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Dealing with patriarchy as a young Nigerian feminist

Dealing with patriarchy as a young Nigerian feminist

We spoke to five Gen Z feminists about their experiences navigating and dealing with patriarchy as young Nigerian women. The nuance of age and their feminist ideals shape their day to day living, experiences and interactions with others. 

Naomi, 19

Honestly, every day I learn one more thing that women can’t do or that women are forced to do as a direct or indirect result of misogyny. Something that really upsets me is the entire discussion around abortion and women’s reproductive rights. It’s really wild to me that a person can be forced to carry and birth an entire human being against their wishes like their own health and well-being and autonomy over their own body don’t matter. It’s especially wild because there are no laws forcing men to have surgeries preventing them from impregnating women in the first place and, there are no support structures in place for women to depend on when they do have the kids they’re forced to have. It’s “just have the kids whether you like it or not”. Crazy. 

Being a feminist around friends and on the internet is much easier than it is to be a feminist around family. Particularly older family members. I pick friends that align with my views and I can control my interactions on the internet but with family, they still have a very misogynistic mindset and when you share your views it’s either “this one has come again” or a “what does this one even know” attitude. It’s not as bad in my family but I know a lot of people that have it worse. 

Really, every day is a battle with misogyny but something that stands out in my journey happened a really long time ago. I was in primary six and I was the Head Girl at my school. We were graduating and my teacher told me that the Head Boy and I would be giving speeches. So naturally, I worked very hard and wrote a speech. Only for the principal to enter my class one morning to tell me that I couldn’t give a speech. Why? Because the Head Boy is senior to me and he would be giving the speech alone. I was so angry and so confused because we had the same post and the same duties so it made no sense that he would get to do something that we had both worked for because he was about. It was a very eye-opening experience for an 11-year old lol.

Being feminist means that there are certain “jokes” and things that people say concerning women that everyone overlooks, but I have to say something. Constantly being the person asking, “why would you say that?” and the person saying “that’s not right” gives you a reputation. People (misogynists) think I’m uptight or aggressive and I take things too seriously. Being a Gen Z feminist means that older people act like I don’t know what I’m saying a lot of the time because I haven’t “experienced life”. It’s really weird but after being a feminist for a while, these things faze me less and I’m more confident in what I’m standing for.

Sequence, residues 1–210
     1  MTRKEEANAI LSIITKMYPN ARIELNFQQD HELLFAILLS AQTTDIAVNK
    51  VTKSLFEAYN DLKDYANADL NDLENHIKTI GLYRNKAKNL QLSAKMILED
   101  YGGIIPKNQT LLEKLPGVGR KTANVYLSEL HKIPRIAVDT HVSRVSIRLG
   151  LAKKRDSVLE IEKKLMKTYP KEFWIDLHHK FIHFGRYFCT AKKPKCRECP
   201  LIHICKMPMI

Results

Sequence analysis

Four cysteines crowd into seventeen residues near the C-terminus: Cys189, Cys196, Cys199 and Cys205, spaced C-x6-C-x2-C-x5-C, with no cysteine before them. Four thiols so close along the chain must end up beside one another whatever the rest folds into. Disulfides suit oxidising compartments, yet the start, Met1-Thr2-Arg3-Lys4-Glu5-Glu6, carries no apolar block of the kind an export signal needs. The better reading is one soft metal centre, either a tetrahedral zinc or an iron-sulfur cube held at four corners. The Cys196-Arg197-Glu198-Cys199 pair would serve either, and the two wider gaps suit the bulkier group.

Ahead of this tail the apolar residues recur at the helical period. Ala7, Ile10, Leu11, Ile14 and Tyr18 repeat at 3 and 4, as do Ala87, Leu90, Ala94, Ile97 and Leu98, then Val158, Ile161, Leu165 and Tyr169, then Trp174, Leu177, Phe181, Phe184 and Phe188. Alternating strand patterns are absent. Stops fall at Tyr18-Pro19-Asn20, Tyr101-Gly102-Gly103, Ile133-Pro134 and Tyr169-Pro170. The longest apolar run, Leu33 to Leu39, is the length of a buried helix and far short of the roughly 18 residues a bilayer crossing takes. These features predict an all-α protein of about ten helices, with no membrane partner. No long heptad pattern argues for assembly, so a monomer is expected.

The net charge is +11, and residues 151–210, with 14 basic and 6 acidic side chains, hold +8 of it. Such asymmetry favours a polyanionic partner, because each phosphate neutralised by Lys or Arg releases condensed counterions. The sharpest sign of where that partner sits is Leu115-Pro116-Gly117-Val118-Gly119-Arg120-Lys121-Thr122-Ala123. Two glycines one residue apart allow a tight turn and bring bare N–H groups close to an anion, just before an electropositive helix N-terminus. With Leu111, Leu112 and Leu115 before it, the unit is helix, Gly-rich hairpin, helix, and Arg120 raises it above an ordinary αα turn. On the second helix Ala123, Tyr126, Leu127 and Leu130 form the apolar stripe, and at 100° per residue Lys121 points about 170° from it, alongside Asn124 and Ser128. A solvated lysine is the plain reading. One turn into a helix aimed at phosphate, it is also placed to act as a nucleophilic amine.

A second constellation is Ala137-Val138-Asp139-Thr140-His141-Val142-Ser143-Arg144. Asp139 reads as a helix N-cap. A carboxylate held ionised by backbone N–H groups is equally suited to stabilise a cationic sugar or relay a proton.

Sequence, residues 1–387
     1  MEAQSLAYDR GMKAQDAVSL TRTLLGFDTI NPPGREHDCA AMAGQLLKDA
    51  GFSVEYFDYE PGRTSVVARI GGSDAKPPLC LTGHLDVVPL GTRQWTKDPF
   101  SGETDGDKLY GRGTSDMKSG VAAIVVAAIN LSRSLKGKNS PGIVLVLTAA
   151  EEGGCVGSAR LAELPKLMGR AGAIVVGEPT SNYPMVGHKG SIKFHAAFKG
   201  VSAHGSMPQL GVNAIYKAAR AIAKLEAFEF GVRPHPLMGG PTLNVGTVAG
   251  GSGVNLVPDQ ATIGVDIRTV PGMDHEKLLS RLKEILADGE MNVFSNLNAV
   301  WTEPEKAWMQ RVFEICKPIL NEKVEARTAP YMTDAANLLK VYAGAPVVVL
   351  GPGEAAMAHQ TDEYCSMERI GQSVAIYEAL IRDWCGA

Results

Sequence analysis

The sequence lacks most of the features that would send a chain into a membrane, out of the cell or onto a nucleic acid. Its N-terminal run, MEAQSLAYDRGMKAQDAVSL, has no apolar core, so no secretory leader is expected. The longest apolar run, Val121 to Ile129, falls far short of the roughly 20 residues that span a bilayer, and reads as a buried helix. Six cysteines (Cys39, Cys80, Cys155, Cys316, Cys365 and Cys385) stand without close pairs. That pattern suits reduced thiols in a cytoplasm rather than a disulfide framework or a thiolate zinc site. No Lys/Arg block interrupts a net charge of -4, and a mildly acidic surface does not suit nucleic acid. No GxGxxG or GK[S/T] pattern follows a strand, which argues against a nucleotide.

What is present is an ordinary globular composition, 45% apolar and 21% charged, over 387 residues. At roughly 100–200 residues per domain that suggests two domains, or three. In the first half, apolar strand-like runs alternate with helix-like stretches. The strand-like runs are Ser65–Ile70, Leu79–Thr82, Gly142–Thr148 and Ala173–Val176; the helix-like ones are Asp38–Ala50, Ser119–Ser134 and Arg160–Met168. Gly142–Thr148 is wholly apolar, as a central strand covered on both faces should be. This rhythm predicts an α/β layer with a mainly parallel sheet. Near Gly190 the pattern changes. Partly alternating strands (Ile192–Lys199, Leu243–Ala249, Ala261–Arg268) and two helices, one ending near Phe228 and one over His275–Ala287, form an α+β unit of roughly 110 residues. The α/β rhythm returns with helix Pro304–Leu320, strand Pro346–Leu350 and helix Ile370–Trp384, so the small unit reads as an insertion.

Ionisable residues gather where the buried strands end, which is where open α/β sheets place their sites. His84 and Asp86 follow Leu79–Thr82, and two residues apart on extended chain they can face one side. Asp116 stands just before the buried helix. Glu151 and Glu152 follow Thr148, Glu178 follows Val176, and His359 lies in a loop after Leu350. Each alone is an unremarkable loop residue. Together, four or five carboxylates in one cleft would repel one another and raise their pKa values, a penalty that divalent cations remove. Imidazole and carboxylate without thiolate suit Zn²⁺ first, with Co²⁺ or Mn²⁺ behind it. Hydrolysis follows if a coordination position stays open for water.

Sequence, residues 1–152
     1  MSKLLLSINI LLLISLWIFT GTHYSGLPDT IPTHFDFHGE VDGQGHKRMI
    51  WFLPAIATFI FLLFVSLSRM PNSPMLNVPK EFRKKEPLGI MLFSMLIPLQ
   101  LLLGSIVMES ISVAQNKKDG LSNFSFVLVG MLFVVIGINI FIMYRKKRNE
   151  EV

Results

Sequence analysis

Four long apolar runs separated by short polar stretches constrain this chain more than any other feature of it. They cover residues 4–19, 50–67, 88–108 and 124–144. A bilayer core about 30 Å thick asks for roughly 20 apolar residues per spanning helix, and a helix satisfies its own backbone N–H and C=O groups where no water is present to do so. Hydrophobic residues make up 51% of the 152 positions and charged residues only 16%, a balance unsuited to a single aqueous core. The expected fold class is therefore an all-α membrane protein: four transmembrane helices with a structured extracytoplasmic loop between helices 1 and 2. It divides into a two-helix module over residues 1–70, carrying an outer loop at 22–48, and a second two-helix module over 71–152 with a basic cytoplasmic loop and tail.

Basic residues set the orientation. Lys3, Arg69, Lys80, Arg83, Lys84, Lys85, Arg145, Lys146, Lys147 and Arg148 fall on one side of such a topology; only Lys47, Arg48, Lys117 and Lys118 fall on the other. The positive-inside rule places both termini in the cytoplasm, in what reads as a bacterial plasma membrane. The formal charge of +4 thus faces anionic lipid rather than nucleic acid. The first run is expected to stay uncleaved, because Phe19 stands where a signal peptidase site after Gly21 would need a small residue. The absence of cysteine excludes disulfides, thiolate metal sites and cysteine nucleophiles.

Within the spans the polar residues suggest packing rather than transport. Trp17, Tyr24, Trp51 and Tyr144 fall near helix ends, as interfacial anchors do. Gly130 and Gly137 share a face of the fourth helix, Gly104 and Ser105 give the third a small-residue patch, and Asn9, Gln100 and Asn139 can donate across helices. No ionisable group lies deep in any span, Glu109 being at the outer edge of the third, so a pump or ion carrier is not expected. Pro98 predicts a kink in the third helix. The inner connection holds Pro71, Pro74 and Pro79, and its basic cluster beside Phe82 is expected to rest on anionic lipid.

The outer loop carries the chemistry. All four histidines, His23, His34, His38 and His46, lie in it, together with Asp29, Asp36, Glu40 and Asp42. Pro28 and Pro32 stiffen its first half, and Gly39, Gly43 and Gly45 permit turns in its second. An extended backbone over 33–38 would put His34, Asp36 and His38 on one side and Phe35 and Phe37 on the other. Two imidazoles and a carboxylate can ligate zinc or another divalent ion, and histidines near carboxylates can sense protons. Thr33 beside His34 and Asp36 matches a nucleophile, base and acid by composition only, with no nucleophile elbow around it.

Mayowa, 20

I see mistreatment of women and misogyny happening all around me. But I am particularly angered about how it plays out in marriages. Recently, there has been some celebrity marriage drama with Nigerian celebrities. The commentary online and offline has consistently blamed wives for the behaviour of their husbands. They are expected to suffer in silence, and I hate that this is normal. Marriage itself often subjugates women further. I am not against the institution totally, I just wish it could be updated – with less of the emotional burdens placed on women.

I definitely feel like I am an outcast when it comes to some of the beliefs I hold. While I have a few friends who identify as feminists, I have been told that my ideas just aren’t practical or that I’m doing too much. 

On the internet, while there are communities who have people with ideas similar to mine, Nigerian Twitter and Nigerian Instagram often use and see the word “feminist” as a dirty one. At times, it is even used as an insult. Sometimes, I hold back from expressing certain views online just because I know what kind of feedback I’ll get.

Many times, I find myself keeping my mouth shut when certain conversations come up, around family, or when I’m in a place where I know that my opinion will be disregarded. At times, my age is a hindrance because I feel like people think I’m too young to have an opinion on certain things. Statements like, “When you’re married you’ll understand” or “When you have kids, you’ll understand,” upset me, because they are said to silence my feminist opinions on parenting and marriage. Regardless, being a feminist means you have an optimistic outlook on society to an extent – you are upset that things around you are a certain way, but believe that change can happen if enough people care. This side of feminism and social activism makes for interesting conversations with new people, which I am grateful for. Even if I don’t change their minds, at least I have shown them another way of thinking about an issue.

Temilorun, 21

Being a feminist in my environment is mostly a lonely experience. I’m lucky my best friend and I have shared values so that is one safe space for me. Most people, family or acquaintances sometimes see me as crazy or irrational for believing in some things I believe in. 

My family is very conservative but open-minded towards some things. Occasionally, their conservative side prevails. Growing up, my big sister would tell me to “focus on a fight I can win and not gender equality”. When I take stands at home now, my mum would remind me that she was not the one who trained me that way and warn me not to go and embarrass her outside.